Empty Forest. Tree Falls. Was It Heard Or Felt?

“If a tree falls in a forest and no one is around to hear it, does it make a sound?” #

How would the City of ______ be damaged if the ______ Symphony Orchestra / Opera Company / Ballet Company / Theater Troop / Art Museum were to disappear tomorrow? #

#

About Stanford Thompson

Stanford Thompson has written 2 posts in this blog. #

Stanford Thompson is a musician and educator who is passionate about using music for social innovation and serves as the Executive Director for the El Sistema-inspired program, Play On, Philly! As a trumpeter, Mr. Thompson has performed and soloed with major orchestras around the world while actively performing chamber music and jazz. As a conductor and educator, Stanford has served as clinician for the Music In Charter Schools annual festival and Philadelphia All-City Brass Symposium. He has served on faculty for the Atlanta Academy of Music and Symphony in C Summer Music Camp. For El Sistema-inspired programs he has designed and consulted, Stanford has secured over $2 million in funding which has lead to the impact of thousands of children around the world. He serves on the board of the American Composers Forum Philadelphia Chapter and recognized as one of Philadelphia’s top 76 Creative Connectors. Stanford holds a degree from The Curtis Institute of Music and the New England Conservatory's Abreu Fellows Program. Website - www.stanfordthompson.com Facebook - www.facebook.com/stanfordleon Twitter - www.twitter.com/stanfordleon Blog - www.stanfordleon.wordpress.com #

#

Comments

  1. “What if we demanded that our art be dignified with the mission of creating better human beings?”

    That was always the assumption until about 1985, when post-modern theory began to re-define art as a system of enculturation that supports elite power structures. There was some truth to the idea, but it became so faddish and doctrinaire that a lot of harm was done to arts education. We now see the result of faddish, short-sighted academic orthodoxy.

    Are there perhaps other factors at work as well? Are there social forces in society that do not want “better human beings?” Would better humans not want to sit in front of a TV four hours day, and instead go to the theater, ballet, or jazz club? (In a 65-year life that means 9 years glued to the tube.) Would it mean that those better humans might look for deeper art forms than the three minute pop song leading to a commercial? Would better humans exposed to the thought of art begin to speak truth to power? Are there significant social forces in our society that do not want better humans, and thus do not want the arts to have a central position? Better humans might create social revolution. Is that what we’re seeing in Venezuela?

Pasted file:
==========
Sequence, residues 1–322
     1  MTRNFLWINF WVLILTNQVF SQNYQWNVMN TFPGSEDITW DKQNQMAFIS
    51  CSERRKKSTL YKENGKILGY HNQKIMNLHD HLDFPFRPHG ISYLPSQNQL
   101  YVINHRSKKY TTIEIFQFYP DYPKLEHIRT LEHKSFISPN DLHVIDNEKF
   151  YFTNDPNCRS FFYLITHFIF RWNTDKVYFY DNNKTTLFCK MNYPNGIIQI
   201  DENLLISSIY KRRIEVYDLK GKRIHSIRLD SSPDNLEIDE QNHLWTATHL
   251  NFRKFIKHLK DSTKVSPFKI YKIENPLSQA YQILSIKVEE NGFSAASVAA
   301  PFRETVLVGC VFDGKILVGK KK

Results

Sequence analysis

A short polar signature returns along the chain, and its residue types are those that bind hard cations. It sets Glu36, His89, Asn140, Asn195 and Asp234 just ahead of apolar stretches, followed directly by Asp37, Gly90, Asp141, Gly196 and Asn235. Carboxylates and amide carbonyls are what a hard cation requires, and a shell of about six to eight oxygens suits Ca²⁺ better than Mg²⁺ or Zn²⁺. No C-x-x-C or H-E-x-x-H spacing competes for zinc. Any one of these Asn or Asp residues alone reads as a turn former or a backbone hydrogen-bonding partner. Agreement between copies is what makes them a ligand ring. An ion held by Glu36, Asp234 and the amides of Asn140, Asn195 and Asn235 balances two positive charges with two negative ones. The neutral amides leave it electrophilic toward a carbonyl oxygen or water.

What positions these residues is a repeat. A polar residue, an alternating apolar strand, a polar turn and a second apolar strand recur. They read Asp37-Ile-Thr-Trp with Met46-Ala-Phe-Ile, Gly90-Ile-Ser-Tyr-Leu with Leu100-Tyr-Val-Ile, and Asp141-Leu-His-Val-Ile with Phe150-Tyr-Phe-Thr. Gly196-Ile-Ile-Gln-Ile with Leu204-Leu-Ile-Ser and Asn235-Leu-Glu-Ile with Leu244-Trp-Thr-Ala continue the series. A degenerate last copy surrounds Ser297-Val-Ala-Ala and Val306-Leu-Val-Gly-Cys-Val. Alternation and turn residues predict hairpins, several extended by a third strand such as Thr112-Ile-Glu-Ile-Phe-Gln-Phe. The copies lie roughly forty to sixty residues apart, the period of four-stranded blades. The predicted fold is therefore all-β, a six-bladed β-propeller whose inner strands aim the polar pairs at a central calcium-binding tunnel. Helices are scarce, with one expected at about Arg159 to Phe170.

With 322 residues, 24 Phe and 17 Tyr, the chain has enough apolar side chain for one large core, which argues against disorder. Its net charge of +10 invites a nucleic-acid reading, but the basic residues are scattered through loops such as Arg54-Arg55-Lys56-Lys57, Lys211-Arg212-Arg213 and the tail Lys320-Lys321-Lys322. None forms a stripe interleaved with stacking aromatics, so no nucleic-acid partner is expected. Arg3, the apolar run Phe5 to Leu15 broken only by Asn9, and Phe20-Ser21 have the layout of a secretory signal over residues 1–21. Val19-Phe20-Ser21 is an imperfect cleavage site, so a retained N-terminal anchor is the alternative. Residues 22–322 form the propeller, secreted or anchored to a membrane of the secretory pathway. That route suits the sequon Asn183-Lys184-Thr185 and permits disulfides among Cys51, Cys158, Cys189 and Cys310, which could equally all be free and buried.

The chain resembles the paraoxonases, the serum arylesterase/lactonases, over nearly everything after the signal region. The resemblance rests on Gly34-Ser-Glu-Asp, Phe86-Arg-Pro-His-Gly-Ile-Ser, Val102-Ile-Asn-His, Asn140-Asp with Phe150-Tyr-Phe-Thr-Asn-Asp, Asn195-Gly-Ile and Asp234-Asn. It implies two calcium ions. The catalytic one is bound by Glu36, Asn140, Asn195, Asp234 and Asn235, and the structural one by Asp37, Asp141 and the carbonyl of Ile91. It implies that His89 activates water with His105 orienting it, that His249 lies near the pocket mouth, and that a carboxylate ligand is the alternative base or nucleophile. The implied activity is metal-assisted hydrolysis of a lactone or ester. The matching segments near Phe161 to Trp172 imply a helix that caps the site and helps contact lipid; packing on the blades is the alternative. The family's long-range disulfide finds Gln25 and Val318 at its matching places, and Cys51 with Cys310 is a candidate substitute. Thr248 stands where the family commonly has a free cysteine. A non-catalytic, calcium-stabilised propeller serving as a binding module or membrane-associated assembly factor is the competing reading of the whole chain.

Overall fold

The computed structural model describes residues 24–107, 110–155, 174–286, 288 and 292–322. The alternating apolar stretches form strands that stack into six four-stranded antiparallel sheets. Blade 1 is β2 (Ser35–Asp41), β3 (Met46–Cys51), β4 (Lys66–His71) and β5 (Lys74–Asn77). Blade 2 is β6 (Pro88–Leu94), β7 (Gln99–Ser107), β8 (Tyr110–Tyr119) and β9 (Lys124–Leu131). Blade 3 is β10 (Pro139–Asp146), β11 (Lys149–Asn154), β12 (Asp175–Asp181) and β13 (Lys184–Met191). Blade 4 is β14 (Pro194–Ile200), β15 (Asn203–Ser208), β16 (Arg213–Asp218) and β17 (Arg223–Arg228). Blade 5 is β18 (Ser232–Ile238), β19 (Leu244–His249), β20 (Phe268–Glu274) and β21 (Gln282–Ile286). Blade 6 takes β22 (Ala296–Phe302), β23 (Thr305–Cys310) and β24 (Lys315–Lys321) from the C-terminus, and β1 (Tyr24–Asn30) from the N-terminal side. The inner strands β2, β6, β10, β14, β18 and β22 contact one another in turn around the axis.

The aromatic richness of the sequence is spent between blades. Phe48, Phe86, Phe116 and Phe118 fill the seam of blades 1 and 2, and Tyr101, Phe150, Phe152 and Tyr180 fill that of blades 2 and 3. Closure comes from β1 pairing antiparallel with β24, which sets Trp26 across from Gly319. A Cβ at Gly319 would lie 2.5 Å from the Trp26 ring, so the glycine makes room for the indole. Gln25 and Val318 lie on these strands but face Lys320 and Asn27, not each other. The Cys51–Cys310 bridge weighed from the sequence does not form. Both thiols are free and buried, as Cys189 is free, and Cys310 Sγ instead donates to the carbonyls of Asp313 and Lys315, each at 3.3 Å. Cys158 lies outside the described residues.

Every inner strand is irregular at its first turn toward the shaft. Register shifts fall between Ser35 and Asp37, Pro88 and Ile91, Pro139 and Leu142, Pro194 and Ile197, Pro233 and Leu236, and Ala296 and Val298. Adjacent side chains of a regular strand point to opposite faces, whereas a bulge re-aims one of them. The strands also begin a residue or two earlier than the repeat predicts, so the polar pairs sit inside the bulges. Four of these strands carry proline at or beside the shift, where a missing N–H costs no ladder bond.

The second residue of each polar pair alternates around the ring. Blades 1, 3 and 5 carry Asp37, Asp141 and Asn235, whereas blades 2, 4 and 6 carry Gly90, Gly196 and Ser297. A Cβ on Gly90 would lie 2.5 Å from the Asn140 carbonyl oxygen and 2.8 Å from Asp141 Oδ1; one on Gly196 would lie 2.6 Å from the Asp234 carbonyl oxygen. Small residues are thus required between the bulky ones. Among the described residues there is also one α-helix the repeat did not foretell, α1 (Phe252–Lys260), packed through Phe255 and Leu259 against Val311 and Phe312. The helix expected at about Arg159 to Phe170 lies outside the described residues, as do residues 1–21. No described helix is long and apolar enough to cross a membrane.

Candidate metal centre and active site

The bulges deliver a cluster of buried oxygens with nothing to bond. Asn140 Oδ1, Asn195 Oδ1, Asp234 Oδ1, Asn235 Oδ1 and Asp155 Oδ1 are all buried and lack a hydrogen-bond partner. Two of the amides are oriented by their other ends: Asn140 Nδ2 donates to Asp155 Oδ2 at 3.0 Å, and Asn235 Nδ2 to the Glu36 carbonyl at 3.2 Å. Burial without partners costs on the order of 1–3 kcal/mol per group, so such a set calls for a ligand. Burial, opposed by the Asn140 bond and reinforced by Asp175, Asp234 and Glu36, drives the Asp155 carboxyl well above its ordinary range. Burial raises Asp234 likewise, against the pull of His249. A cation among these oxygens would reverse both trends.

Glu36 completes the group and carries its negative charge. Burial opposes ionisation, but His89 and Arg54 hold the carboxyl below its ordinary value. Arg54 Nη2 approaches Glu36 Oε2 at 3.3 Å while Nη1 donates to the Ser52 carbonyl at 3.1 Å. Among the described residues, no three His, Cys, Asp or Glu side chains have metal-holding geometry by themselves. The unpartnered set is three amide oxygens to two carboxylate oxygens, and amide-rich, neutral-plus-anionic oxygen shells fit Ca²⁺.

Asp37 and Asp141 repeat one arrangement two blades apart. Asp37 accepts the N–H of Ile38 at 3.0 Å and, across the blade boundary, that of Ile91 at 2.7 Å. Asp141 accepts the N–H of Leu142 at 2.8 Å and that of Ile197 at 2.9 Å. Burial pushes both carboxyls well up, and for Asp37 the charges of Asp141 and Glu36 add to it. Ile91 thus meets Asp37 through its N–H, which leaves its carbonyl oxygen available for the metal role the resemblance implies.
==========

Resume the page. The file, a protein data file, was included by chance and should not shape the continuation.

2. Thomas Lloyd says:

    Well said, Stanford – you are doing amazing new things for music and young people in Philly with your “Play On!” program. Regarding the overwhelming waste of human and financial resources since the 1980′s in our prison system, the civil rights leader and legal scholar Michelle Alexander has been opening eyes as to how that came about and needs to be changed in her recent thoroughly researched book “The New Jim Crow: Mass Incarceration in the Age of Colorblindness” http://en.wikipedia.org/wiki/The_New_Jim_Crow

    More of us need to follow your example, and lead others by showing how music and music making can be a positive and dynamic part of building the whole person and rebuilding communities without any sacrifice of artistic standards or imagination, as El Sistema has proven.

  3. This is an excellent post in a truly terrific conversation — one which should be required reading for all cultural boards and leaders. “If no one noticed if we were not there, what value do we provide by being there” is a dramatic and vivid way of highlighting how leaders need to focus on creating value, not just the abstract notion of excellence. This value should be commensurate with the resources they are asking their communities to provide, particularly in tough economic times. There are a great many leaders who are wrestling with this issue now, and this conversation adds a great deal of insight to their challenges.

    Comment Tags: value
  4. Eric Booth says:

    Stanford–excellent post. Two thoughts.
    1) Some years ago when I was in Scotland, their cultural and political establishment were debating a national cultural entitlement plan–an official statement of what the citizens of the country could expect and demand of their country in terms of education and access to the arts and culture. Might that be a next step for a city like Philadelphia that is investing in its identity as a cultural destination? Or for other cities where we can provoke a conversation to achieve such a result? Stanford, with your excellent work creating Play On, Philly, an El Sistema inspired after school intensive orchestral program, you and your partner organizations are making a distinctive contribution to raising the aspirations and demands the usually-overlooked economically struggling sector can demand of their government.

    2) To answer your initial question. Scientists argue they can answer it. If a tree falls in the forest with no human around to hear it, it does NOT make a sound. It does send out an energy vibration, but it requires an ear that can receive that vibration and work its translational marvel in order for it to become something we might call a sound. Let’s hope humans can hear the struggling of the arts and arts education sectors and translate that into responsive action.

  5. Interesting take, Stan – I’ve been working on a complementary perspective for a few days now:
    http://jonathangovias.com/2012/01/31/music-and-murder/